It’s been almost a decade since Grant Fuhr worked as a goalie coach in the NHL and the Hall-of-Fame netminder says he’s ready for a return to the rink.
“It’s something I’d like to do again. I enjoy being around the rink. That’s the fun part – I’ve never lost the love for the game,” said Fuhr during a recent 30-minute interview to promote the documentary film about his life Making Coco: The Grant Fuhr Story. “I enjoy helping other people. I’m definitely looking forward to trying to get back into the game again.”
The 56-year-old, who played 868 regular season games in the NHL before retiring in 2000, will have knee surgery in November and after he recovers, Fuhr said he will seek employment in the hockey world. Fuhr, who set the record for most assists in a season by a goaltender when he collected 14 helpers with the Edmonton Oilers in 1983-84, worked as a consultant for the Calgary Flames for two seasons following his retirement and he was the goalie coach for the Phoenix Coyotes from 2004 through 2009.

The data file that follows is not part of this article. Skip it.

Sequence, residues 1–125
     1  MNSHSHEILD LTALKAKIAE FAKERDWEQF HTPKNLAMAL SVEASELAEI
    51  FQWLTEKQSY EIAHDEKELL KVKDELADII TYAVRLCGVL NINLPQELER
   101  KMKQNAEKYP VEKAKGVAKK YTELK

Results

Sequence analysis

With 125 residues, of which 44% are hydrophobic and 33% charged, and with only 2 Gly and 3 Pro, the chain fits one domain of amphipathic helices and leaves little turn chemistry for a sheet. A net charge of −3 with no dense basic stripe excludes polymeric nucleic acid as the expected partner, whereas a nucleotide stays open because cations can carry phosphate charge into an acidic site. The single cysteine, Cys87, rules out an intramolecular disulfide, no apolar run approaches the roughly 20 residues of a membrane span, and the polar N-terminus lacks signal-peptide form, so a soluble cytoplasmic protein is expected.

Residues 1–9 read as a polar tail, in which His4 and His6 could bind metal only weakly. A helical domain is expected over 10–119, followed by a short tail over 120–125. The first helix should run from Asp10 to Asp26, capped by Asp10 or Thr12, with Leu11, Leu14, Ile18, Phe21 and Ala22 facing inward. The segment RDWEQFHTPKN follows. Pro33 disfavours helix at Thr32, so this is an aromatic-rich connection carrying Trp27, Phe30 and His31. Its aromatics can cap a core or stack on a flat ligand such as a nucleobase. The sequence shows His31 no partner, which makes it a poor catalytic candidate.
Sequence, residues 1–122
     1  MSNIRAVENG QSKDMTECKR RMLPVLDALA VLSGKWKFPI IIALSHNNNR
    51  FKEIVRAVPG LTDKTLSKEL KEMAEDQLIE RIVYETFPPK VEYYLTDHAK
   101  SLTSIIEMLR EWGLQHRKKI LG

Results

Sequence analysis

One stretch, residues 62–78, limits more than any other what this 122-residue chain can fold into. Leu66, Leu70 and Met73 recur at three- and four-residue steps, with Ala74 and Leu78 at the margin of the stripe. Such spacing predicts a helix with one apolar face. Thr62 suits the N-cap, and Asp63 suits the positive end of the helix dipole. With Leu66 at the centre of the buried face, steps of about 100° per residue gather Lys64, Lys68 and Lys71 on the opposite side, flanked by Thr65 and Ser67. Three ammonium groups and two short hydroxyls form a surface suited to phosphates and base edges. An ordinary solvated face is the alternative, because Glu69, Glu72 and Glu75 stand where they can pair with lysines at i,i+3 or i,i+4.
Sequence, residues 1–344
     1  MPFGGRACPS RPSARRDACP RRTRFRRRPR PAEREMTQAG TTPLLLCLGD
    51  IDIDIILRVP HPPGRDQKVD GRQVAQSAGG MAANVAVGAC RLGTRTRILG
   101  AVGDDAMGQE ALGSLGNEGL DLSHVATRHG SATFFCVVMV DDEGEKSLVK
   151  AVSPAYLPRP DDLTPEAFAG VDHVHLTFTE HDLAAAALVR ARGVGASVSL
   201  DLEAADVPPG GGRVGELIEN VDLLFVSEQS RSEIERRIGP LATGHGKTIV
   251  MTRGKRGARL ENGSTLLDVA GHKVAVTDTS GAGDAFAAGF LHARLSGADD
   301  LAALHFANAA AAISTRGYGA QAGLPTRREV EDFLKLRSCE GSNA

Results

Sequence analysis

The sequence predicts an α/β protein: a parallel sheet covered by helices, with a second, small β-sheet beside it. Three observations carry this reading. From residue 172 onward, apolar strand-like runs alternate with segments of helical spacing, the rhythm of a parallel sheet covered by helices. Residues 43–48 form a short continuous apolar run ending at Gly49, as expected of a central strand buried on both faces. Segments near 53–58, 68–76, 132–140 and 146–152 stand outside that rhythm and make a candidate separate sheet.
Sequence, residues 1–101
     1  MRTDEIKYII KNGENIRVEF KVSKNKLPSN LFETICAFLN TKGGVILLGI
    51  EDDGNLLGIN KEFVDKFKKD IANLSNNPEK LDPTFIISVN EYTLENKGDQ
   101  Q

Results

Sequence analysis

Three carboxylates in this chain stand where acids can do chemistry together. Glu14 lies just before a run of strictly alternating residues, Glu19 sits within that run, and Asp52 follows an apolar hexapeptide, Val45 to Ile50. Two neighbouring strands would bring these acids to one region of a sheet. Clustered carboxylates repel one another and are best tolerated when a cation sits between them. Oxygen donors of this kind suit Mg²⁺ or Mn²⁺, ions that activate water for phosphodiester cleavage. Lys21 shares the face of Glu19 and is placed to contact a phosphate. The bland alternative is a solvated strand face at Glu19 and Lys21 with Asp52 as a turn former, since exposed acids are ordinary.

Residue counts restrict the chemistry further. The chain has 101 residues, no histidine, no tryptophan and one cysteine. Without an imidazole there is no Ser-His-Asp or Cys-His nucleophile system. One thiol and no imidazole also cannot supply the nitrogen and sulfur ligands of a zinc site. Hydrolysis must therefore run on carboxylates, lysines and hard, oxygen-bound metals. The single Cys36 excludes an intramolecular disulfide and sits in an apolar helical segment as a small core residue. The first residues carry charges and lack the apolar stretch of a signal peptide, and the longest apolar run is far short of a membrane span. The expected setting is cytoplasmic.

Related: The Return of Grant Fuhr
After he left the Coyotes, Fuhr found work in Desert Hot Springs, California as the director of golf at Desert Dunes Golf Club. It was a good fit for him, as a regular on the golf celebrity tour circuit for years, but now he’s looking to get back into the sport he loves most.
State of Goaltending in the NHL
While the NHL has changed a bit since his playing days in the 1980s and 1990s, Fuhr said the basic role of the goalie remains the same: “I think it’s just different. Goaltending as a whole doesn’t change a lot. You still work in the same area, you’re still trying to stop the puck. The game went through a transition where it became all angles because most teams played a defensive system.”
“I think if you look at the game now it’s starting to open up and become a little more offensive, and as it becomes more offensive goalies are going to have to become more mobile again and adjust to different things, so I think you’re starting to see a transition again where it’s going back to the mobile goalie again and goalies are having to adjust to that,” said Fuhr, who was inducted into the Hockey Hall of Fame during his first year of eligibility in 2003.